About Alejandro Teran-Somohano

Alejandro is a PhD student in Industrial and Systems Engineering at Auburn University. Having been born and raised in Mexico and, hence, having come from a Catholic culture, he is constantly thinking about what it means to think and see the world as a Catholic. How should a Catholic approach economics, politics, science, art, etc.? His main influences are G.K. Chesterton and St. Thomas Aquinas.

Posts by Alejandro Teran-Somohano:


No Longer Slaves

There is a temptation that can arise in the Christian life, to think that we have somehow forfeited our dignity and worth because of our sins. We might think that somehow, even after repentance and forgiveness through the Sacrament of Confession, we remain as second-class Christians because God could not possibly forget what we have done. This […]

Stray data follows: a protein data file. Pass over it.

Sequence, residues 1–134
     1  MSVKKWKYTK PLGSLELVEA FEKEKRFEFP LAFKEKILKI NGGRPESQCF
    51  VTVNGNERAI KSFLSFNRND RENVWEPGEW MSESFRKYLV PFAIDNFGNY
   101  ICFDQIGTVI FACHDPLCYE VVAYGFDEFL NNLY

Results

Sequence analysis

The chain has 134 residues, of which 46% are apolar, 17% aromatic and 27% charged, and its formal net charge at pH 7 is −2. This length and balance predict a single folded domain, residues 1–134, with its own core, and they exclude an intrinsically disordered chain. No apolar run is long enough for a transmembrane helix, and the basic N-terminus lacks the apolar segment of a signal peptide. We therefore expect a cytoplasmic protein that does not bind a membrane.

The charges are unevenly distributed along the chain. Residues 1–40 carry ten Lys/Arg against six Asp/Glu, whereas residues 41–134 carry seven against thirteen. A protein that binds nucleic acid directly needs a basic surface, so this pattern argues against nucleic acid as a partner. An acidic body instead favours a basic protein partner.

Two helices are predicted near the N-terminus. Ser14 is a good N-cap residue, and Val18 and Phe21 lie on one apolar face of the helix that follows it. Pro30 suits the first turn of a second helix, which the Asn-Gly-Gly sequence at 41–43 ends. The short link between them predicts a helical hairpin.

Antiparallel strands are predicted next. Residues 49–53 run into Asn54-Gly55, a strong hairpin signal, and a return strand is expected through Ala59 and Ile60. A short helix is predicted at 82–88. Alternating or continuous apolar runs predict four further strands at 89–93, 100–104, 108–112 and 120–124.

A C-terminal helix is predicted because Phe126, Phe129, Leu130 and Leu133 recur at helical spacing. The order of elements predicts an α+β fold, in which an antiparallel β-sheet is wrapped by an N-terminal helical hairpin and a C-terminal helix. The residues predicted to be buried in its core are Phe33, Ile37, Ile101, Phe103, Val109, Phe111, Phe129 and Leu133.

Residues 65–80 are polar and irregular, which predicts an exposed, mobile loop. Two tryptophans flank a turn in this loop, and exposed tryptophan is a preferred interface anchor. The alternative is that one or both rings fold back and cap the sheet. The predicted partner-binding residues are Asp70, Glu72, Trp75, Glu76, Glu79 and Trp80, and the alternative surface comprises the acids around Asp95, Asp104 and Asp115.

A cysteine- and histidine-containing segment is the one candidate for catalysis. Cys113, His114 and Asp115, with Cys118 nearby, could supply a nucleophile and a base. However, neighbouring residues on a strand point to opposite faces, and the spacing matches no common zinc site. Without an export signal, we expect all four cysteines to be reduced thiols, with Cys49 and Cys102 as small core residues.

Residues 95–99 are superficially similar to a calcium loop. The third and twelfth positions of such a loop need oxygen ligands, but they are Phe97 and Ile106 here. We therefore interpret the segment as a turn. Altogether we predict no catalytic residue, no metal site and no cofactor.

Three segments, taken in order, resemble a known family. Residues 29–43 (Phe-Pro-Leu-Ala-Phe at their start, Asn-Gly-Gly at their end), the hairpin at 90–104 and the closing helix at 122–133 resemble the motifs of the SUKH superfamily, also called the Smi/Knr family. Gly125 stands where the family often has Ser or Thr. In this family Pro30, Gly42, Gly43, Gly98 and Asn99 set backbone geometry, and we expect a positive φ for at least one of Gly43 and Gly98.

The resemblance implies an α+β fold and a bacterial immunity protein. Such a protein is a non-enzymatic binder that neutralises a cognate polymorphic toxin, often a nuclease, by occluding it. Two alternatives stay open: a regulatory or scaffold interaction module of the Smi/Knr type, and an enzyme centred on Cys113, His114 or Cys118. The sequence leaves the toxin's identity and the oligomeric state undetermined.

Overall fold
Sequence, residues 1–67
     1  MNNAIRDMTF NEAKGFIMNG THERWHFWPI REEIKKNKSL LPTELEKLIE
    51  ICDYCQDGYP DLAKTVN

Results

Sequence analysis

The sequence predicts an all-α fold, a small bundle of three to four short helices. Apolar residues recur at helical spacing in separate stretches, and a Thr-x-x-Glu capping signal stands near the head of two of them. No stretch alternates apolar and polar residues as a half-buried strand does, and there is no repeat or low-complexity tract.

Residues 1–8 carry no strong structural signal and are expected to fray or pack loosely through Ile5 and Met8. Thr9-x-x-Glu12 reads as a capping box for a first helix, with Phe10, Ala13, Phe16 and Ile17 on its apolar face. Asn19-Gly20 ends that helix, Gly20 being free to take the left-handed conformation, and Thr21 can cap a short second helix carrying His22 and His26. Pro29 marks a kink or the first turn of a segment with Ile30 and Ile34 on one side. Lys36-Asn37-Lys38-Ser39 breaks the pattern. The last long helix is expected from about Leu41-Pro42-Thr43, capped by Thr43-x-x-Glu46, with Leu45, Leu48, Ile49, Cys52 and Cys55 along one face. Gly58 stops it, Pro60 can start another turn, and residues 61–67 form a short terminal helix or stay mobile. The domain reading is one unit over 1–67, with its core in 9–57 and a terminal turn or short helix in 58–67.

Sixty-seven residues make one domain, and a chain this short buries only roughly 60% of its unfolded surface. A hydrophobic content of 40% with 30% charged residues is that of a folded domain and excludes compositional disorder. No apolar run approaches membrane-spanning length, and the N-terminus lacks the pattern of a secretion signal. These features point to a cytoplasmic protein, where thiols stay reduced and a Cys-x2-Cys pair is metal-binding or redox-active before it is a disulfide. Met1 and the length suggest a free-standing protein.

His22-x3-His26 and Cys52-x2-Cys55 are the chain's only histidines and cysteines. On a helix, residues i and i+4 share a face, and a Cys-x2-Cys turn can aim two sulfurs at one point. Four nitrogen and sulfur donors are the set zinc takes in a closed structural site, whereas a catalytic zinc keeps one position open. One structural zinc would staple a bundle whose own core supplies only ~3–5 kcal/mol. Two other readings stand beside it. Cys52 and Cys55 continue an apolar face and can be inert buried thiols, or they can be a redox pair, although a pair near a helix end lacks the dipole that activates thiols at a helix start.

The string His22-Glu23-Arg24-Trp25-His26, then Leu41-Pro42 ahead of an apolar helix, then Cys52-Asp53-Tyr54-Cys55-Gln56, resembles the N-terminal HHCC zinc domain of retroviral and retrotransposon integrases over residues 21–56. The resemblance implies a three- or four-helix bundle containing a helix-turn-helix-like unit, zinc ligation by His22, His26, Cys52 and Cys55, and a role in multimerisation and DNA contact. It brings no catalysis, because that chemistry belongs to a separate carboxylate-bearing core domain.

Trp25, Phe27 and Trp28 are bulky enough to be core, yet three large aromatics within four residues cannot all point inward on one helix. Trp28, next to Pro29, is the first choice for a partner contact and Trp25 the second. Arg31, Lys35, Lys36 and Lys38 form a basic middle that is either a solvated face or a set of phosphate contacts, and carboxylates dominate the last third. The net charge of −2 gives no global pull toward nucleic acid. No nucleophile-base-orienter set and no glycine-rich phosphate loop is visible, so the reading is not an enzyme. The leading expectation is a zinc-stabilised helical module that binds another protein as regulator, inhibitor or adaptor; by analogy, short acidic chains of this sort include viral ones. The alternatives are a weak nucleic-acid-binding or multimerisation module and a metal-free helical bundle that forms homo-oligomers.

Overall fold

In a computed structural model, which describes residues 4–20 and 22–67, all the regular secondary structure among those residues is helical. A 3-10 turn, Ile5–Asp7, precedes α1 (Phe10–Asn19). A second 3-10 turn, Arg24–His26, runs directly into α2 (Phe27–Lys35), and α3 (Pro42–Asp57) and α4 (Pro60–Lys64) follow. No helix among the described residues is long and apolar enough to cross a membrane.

“If you wish, you can make me clean”

With Lent right around the corner, the talk of the (Catholic) town has centered on what to do or give up for Lent. I have always felt a bit uncomfortable with this whole concern with doing things for Lent or giving things up. It seems at times like people lose sight of what really matters. […]


True Feminists are Pro-Life

I know that as a man, writing about feminism is just asking for trouble. I’ll do it anyway. And I’ll do it because I owe an enormous debt to women, beginning with the woman who bore me in her womb for nine months, educated me, and turned me from a barbarian into a relatively civilized […]


What was the deal with the Synod on the Famliy?

The extraordinary meeting of the Synod of Bishops came to an end last Sunday and it caused quite an upheaval. To me, the most exasperating part was not so much the secular media’s reporting on the event (which, once more, revealed an absolute ignorance of the Catholic Church and its teachings), but the reaction among […]


“You shall be like gods”

A common line of attack against Christianity is that which asserts that Christianity is anti-humanist. That is, in order to exalt God, the Christian must necessarily degrade himself and Mankind with him. In opposition to this supposed Christian degradation of man, the critics propose what they call a “humanistic” approach, one that—they claim—puts Man in […]